Visible and near infrared spectroscopy for predicting soil nitrogen mineralization rate : Effect of incubation period and ancillary soil properties

Ruma, Farida Yasmin; Munnaf, Muhammad Abdul; De Neve, Stefaan; Mouazen, Abdul Mounem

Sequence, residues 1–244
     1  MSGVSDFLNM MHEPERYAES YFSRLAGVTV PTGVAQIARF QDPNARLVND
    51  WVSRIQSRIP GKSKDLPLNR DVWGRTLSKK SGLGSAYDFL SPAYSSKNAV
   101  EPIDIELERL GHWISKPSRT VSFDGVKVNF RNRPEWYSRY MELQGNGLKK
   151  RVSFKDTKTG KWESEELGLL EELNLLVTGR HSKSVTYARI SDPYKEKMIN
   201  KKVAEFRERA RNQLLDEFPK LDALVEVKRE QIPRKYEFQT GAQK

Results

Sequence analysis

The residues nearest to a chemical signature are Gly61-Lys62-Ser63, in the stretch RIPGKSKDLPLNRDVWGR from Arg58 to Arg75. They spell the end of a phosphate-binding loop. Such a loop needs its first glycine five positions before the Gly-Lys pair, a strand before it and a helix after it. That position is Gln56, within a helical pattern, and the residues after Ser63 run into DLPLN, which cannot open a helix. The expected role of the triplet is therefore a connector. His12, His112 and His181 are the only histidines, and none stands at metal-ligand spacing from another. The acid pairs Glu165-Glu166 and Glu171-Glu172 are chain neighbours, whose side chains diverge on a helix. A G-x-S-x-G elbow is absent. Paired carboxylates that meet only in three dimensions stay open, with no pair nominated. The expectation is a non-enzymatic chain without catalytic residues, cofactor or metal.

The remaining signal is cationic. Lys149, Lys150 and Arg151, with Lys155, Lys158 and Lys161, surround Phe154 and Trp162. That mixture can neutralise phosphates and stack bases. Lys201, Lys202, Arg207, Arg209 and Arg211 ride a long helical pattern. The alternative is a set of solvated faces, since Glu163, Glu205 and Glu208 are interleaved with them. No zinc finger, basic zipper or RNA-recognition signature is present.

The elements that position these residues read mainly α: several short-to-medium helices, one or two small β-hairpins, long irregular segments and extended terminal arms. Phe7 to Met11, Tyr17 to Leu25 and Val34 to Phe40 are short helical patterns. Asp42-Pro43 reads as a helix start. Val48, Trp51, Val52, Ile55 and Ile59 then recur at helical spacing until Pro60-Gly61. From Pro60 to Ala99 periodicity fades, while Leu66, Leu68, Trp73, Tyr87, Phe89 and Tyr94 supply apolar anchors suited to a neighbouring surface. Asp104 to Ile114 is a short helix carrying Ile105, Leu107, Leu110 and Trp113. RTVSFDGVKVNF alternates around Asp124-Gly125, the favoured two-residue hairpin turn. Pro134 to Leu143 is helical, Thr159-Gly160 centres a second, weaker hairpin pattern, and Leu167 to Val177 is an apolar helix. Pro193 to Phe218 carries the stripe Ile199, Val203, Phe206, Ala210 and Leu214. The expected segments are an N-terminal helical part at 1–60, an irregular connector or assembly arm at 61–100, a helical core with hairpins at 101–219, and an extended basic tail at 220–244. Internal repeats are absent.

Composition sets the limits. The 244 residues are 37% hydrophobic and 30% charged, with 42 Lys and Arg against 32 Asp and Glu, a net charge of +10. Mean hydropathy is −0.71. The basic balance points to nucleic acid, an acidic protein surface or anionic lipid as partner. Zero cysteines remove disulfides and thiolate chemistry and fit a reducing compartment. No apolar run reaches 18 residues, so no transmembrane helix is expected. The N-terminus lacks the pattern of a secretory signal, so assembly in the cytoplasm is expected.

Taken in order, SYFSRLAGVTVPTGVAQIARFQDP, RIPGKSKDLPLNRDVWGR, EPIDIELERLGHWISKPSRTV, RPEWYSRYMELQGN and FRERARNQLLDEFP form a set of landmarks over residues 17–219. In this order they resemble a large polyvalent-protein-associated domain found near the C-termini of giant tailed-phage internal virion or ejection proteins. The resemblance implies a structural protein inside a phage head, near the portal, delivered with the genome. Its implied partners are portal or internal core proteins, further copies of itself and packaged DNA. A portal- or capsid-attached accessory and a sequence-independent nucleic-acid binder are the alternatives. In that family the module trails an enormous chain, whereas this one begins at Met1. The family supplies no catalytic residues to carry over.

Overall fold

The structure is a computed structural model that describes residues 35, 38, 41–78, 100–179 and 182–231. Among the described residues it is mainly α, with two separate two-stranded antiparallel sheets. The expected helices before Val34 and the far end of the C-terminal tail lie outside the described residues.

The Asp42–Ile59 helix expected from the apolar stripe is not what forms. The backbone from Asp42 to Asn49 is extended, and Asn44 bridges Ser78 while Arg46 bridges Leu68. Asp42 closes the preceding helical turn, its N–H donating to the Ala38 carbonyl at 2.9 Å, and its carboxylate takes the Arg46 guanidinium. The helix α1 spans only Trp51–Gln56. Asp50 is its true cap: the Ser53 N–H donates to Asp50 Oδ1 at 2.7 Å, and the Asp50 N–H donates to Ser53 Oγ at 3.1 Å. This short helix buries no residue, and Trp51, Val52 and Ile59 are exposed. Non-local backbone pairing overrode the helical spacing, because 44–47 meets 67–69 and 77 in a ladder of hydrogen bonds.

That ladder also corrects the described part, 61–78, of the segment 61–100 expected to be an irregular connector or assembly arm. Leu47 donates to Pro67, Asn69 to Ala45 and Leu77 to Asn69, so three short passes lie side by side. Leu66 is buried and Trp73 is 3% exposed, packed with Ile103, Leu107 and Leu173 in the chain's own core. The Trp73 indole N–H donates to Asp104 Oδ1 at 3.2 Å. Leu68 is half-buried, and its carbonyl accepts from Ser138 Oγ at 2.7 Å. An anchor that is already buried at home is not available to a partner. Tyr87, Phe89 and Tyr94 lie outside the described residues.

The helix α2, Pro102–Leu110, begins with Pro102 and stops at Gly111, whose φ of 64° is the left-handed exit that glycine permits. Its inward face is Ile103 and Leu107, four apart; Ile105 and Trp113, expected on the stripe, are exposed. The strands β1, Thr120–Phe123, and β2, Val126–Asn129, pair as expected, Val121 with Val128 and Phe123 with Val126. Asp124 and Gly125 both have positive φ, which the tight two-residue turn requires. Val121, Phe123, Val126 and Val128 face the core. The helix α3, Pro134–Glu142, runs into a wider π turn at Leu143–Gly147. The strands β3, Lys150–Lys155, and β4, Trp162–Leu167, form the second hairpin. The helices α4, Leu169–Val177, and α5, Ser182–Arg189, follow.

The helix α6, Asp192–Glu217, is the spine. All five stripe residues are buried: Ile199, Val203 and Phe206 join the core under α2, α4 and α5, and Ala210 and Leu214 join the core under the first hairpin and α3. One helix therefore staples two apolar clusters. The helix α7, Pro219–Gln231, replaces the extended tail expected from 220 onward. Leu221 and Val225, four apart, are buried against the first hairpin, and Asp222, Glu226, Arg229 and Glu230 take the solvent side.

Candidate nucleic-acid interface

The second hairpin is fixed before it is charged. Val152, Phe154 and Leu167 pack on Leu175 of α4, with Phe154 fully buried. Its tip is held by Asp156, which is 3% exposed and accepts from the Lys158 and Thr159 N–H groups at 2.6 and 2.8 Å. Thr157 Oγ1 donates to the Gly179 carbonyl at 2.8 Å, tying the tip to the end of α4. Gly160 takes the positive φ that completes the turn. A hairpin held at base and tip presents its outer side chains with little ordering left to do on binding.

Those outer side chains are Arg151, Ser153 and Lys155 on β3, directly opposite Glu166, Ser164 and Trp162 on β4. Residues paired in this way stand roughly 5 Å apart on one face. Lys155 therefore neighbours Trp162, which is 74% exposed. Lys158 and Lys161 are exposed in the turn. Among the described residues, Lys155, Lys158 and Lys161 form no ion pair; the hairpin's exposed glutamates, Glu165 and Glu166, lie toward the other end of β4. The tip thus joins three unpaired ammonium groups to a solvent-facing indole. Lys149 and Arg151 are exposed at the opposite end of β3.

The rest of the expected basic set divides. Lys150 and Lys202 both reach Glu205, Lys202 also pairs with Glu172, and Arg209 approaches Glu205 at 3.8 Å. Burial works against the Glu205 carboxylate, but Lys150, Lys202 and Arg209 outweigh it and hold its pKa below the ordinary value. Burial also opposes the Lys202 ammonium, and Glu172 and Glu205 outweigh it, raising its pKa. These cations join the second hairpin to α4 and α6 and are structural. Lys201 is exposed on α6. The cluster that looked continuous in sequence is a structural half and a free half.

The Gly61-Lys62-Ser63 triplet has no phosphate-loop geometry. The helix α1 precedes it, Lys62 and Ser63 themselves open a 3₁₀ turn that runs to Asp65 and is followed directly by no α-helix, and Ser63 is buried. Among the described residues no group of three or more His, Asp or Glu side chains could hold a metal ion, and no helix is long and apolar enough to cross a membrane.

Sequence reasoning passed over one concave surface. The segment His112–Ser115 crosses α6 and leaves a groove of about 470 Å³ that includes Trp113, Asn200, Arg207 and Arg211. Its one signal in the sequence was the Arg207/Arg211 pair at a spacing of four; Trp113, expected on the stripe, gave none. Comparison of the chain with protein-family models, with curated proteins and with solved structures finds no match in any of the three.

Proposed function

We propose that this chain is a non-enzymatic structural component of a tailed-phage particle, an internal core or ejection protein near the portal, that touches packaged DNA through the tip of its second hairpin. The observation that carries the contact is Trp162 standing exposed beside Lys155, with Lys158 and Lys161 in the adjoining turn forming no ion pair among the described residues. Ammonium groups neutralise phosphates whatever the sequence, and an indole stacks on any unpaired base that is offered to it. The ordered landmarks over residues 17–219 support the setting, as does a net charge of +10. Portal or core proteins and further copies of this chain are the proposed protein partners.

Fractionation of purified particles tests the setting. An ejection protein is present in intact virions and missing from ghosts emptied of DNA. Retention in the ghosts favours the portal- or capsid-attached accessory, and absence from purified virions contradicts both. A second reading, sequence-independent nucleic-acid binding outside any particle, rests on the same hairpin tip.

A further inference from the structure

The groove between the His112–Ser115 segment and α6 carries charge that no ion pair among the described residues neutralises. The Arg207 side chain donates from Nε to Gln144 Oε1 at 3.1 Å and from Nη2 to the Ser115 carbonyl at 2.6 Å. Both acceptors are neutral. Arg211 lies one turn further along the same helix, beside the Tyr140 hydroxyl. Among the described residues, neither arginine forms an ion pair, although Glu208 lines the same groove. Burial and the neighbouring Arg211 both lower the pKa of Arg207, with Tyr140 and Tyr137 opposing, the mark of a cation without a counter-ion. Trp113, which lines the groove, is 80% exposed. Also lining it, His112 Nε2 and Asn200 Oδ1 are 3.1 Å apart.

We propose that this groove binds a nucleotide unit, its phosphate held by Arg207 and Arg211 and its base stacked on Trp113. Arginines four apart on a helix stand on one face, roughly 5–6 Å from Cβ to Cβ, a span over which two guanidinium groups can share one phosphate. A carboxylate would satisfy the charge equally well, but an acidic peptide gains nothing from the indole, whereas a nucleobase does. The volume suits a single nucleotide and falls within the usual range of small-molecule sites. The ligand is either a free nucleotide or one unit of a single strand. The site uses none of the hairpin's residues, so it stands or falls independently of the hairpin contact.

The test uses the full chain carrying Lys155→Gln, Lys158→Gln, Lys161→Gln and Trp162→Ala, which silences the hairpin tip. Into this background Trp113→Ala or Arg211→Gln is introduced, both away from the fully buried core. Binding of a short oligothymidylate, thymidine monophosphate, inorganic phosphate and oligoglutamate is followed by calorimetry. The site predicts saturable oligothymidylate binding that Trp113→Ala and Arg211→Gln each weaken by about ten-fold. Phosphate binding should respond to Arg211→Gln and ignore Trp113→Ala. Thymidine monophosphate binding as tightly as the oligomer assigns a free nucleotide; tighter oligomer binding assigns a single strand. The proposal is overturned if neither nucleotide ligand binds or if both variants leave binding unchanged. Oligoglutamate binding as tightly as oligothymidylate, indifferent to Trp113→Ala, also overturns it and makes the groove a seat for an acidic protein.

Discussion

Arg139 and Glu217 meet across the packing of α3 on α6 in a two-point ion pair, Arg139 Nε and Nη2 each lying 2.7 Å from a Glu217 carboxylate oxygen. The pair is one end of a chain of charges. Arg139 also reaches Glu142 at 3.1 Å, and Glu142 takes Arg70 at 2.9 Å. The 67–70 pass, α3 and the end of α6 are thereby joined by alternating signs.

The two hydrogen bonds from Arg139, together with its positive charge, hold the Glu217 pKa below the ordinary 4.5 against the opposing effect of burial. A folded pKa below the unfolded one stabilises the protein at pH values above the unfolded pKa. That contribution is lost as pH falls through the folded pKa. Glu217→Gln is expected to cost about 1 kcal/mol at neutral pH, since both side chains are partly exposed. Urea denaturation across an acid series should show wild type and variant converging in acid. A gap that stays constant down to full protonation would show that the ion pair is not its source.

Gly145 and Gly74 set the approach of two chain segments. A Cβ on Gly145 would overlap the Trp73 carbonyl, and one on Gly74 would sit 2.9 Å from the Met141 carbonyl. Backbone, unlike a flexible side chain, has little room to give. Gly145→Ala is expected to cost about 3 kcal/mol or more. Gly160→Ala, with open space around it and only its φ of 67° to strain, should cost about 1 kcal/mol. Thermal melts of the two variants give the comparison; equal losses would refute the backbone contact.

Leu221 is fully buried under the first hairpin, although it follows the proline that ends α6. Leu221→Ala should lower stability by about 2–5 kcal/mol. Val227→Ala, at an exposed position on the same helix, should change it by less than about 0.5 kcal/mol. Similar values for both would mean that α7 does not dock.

Soil nitrogen mineralization rate (SNMR) influences crop N uptake and nitrate leaching leading to environmental pollution. This study aims at (i) examining whether visible and near-infrared reflectance spectroscopy (vis-NIRS) can predict SNMR and (ii) investigating if incubation periods and ancillary soil attributes can improve the prediction accuracy. Total 133 soil samples collected from seven fields were incubated under aerobic conditions for 60 days with seven batches of sub-samples. Mineral N was measured at regular time intervals and soil samples were scanned using a vis-NIRS sensor (Tec5 Technology, Germany) parallelly. SNMR was determined by fitting a zero-order kinetic to the net mineralized N as a function of the incubation time. Soil total nitrogen (TN), total carbon (TC) and electrical conductivity (EC) were determined once. Partial least squares regression (PLSR) models were calibrated individually for each field both for vis-NIR spectra and its combinations with TN, TC and EC. Six out of seven batches of sub-samples were used for calibrating PLSR when remaining one batch was used for model validation, and it rotated across all seven batches. Vis-NIRS alone predicted SNMR with moderate accuracy in five of seven fields (coefficient of determination, 0.53 ≤ R2 ≥ 0.66, ratio of prediction to deviation, 1.51 ≤ RPD ≥ 1.76), while models were poor in two fields (R2 = 0.23–0.26, RPD = 1.18 – 1.20). Inclusion of soil TC, TN and/or EC was expected to improve accuracy, but improvements varied across fields (R2 = 0.23–0.79, RPD = 1.18 – 2.26). Similarly, the incubation period increased vis-NIRS prediction accuracy, but frequently occurred among 2nd to 6th batches (R2 = 0.35–0.82, RPD = 1.28 – 2.44). Even incorporating secondary properties and increasing incubation duration hardly improved predictions, improvement can be compromised since it is not significant mostly and often underperformed or remained unchanged. Considering the time and effort required to incubate and analyze soil properties, this study suggests using a vis-NIRS sensor to estimate SNMR in fresh soil conditions i.e., without incubation and incorporation of secondary properties.